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Re: st: IV Regression with many zeros in 1st stage


From   "Mark Schaffer" <M.E.Schaffer@hw.ac.uk>
To   statalist@hsphsun2.harvard.edu
Subject   Re: st: IV Regression with many zeros in 1st stage
Date   Fri, 7 May 2004 18:07:28 +0100

Michael,

Date sent:      	Fri, 7 May 2004 12:35:04 -0400
From:           	mganz <mganz@hsph.harvard.edu>
To:             	statalist <statalist@hsphsun2.harvard.edu>
Copies to:      	mganz@hsph.harvard.edu, Sarah Williamson <swilliamson80@hotmail.com>
Subject:        	st: IV Regression with many zeros in 1st stage
Send reply to:  	statalist@hsphsun2.harvard.edu

> Dear Statalist colleagues,
> 
> I would like to estimate the following regression:
> 
> BD=aX+bS+e
> 
> where BD=birth defect and S is a measure of smoking (either 0/1 or number of 
> cigarettes).  I would like to instrument S with cigarette prices and other 
> variables (local 
> smoking policy variables, eg).  The problem, I think, is that > 50% of 
> respondents didn't 
> smoke.  Does affect the appropriateness of the IV approach?  Ie, can my 1st 
> stage 
> regression:
> 
> S = cZ+dP+e
> 
> be estimated if >50% of S is zero?

IV is a one-step estimator, and it doesn't matter if the "first-stage 
regression" is correctly specified or not because it's not being 
estimated as a structural equation.  All you need is for S to be 
correlated with the excluded instruments.  You can check this with 
the 1st-stage F stat.

A couple of additional comments:

- If you want to do IV as 2SLS and estimate the first stage by hand, 
you have to include *all* the exogenous variables.  That means in 
your case you would include X along with Z and P.

- ...but there's no need to do it in two stages by hand; just use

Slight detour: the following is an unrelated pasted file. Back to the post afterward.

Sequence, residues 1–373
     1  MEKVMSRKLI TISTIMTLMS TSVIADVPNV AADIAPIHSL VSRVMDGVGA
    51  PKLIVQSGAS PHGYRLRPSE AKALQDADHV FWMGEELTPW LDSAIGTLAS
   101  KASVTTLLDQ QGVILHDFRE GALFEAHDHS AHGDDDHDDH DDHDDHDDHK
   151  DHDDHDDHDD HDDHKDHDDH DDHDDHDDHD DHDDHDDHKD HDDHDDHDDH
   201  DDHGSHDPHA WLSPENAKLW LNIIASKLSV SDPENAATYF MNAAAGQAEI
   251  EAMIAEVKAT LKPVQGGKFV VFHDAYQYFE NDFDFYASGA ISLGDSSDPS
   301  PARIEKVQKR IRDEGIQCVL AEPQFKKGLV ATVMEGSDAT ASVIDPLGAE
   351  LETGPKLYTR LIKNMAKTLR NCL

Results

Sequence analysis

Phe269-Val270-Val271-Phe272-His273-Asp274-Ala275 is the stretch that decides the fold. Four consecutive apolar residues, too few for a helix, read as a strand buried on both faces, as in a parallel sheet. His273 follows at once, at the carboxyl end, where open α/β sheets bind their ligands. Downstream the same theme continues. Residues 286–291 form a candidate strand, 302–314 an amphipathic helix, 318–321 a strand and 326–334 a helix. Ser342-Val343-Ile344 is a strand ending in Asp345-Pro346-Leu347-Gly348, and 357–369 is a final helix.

ivreg (or ivreg2, the extended IV written by Kit Baum, Steve Stillman 
and myself, which will provide the 1st-stage F-stat automatically if 
you want it).

- One issue that you haven't raised is whether your birth defect 
equation should be linear.  If BD is a dichotomous, you might want to 
us Joe Harkness' ivprob (probit with endogenous regressors) instead.

Hope this helps.

--Mark


> 
> Any help would be greatly appreciated.
> 
> Thanks,
> Michael
> 
> ________________________________________
> Michael Ganz, MS, PhD
> Assistant Professor
> Dept. of Society, Human Development and Health
> Harvard School of Public Health
> mganz@hsph.harvard.edu
> http://www.hsph.harvard.edu/faculty/ganz
> Ph. 617-432-2382
> Fax 617-432-3755
> 
> *
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Prof. Mark E. Schaffer
Director
Centre for Economic Reform and Transformation
Department of Economics
School of Management & Languages
Heriot-Watt University, Edinburgh EH14 4AS  UK
44-131-451-3494 direct
44-131-451-3008 fax
44-131-451-3485 CERT administrator
http://www.som.hw.ac.uk/cert
*
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*   http://www.stata.com/support/statalist/faq
*   http://www.ats.ucla.edu/stat/stata/



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